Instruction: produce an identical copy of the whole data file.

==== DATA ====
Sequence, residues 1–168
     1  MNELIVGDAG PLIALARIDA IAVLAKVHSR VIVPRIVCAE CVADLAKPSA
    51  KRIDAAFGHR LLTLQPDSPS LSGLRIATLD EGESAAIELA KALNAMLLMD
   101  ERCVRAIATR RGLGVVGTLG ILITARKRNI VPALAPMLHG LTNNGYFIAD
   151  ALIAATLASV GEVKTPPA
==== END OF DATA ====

Sequence, residues 1–168
     1  MNELIVGDAG PLIALARIDA IAVLAKVHSR VIVPRIVCAE CVADLAKPSA
    51  KRIDAAFGHR LLTLQPDSPS LSGLRIATLD EGESAAIELA KALNAMLLMD
   101  ERCVRAIATR RGLGVVGTLG ILITARKRNI VPALAPMLHG LTNNGYFIAD
   151  ALIAATLASV GEVKTPPA